What a Face! 'Hellboy' Dino Sported Head Crown, Teeny Eye Horns

illustration of the horned dinosaur Regaliceratops
An illustration of a newfound 70-million-year-old genus and species of horned dinosaur (Regaliceratops peterhewsi) discovered in Alberta, Canada. (Image credit: Julius T. Csotonyi. Courtesy of Royal Tyrrell Museum, Drumheller, Alberta.)

About 70 million years ago, a bizarre-looking relative of Triceratops with a crownlike frill, tall nose horn and tiny eye horns tread over the ancient landscape of southeastern Alberta, a new study finds.

A man named Peter Hews discovered the unusual dinosaur's skull about 10 years ago, after he noticed some bones poking out of a cliff by the Oldman River in Alberta. Researchers excavated and studied the fossil, learning it belonged to an entirely new genus and species of horned dinosaur that was closely related to Triceratops.

Researchers dubbed the unusual horned beast Regaliceratops peterhewsi, from the Latin "regalis," meaning royal, in honor of the dinosaur's unique crowned frill, as well as after Canada's Royal Tyrrell Museum of Palaeontology, the researchers said in the study. The Greek word "ceratops" means "horned face." [Tiny & Old: Images of 'Triceratops' Ancestors]

But the dinosaur's nickname, "Hellboy," is far more popular, the researchers said.

Naming aside, the skull is the first evidence that horned dinosaurs lived in that particular geographic region of Alberta, said Caleb Brown, a paleobiologist at the Royal Tyrrell Museum of Palaeontology.

"However, it was not until the specimen was being slowly prepared from the rocks in the laboratory that the full anatomy was uncovered, and the bizarre suite of characters revealed," Brown said in a statement. "Once it was prepared, it was obviously a new species, and an unexpected one at that. Many horned-dinosaur researchers who visited the museum did a double take when they first saw it in the laboratory."

A side view of the newfound Triceratops relative, Regaliceratops peterhewsi. (Image credit: Sue Sabrowski. Courtesy of Royal Tyrrell, Drumheller, Alberta. )

The specimen is so unique, a person standing a football field away could easily tell that it's a new species, Brown joked. He pointed out the distinctive size and shape of its facial horns and the shieldlike frill on the back of its skull.

In fact, Regaliceratops peterhewsi is fairly similar to Triceratops, except that its nose is tall and the two horns over its eyes are "almost comically small," Brown said. But the frill on its head is by far the most impressive feature, he said. It looks like a halo of large, pentagonal plates, and one central spike, radiating outward.

"The combined result looks like a crown," Brown said.

The newfound dinosaur also has an intriguing combination of short and long horns. Researchers usually categorize horned dinosaurs into one of two groups: the Chasmosaurines, which have a small horn over the nose, large horns over the eyes and a long frill; and the Centrosaurines, animals with a large nose horn, small eye horns and a short frill.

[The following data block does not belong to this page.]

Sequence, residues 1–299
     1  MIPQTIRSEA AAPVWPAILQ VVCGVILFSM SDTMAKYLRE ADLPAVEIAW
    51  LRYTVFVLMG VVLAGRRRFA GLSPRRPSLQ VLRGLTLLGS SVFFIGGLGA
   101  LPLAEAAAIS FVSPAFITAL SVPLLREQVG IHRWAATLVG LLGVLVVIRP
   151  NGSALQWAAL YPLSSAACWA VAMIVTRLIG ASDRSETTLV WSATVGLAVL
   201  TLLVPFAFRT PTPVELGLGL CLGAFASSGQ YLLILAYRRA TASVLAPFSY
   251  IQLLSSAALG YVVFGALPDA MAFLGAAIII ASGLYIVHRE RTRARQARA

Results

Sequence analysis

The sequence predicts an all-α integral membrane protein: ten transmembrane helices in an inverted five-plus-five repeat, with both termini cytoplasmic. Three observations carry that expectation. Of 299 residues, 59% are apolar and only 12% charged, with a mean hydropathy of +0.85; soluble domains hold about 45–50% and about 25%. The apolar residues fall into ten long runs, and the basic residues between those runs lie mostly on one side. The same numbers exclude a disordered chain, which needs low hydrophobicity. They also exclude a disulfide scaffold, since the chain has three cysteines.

The skull with the ornate "crown," tall nose and small eye horns. (Image credit: Sue Sabrowski. Courtesy of Royal Tyrrell, Drumheller, Alberta. )

"This new species is a Chasmosaurine, but it has ornamentation more similar to Centrosaurines," Brown said in the statement. "It also comes from a time period following the extinction of the Centrosaurines."

R. peterhewsi is the first example of a horned dinosaur showing evolutionary convergence, meaning that these two groups developed similar features independently of each other.

The researchers plan to look for more R. peterhewsi fossils. In the meantime, they're making digital reconstructions of the skull, which is deformed after spending 70 million years in the Rocky Mountain foothills.

"This discovery also suggests that there are likely more horned dinosaurs out there that we just have not found yet, so we will also be looking for other new species," Brown said.

The finding was published online today (June 4) in the journal Current Biology.

Follow Laura Geggel on Twitter @LauraGeggel. Follow Live Science @livescience, Facebook & Google+. Original article on Live Science.

Laura Geggel

Laura is the archaeology and Life's Little Mysteries editor at Live Science. She also reports on general science, including paleontology. Her work has appeared in The New York Times, Scholastic, Popular Science and Spectrum, a site on autism research. She has won multiple awards from the Society of Professional Journalists and the Washington Newspaper Publishers Association for her reporting at a weekly newspaper near Seattle. Laura holds a bachelor's degree in English literature and psychology from Washington University in St. Louis and a master's degree in science writing from NYU.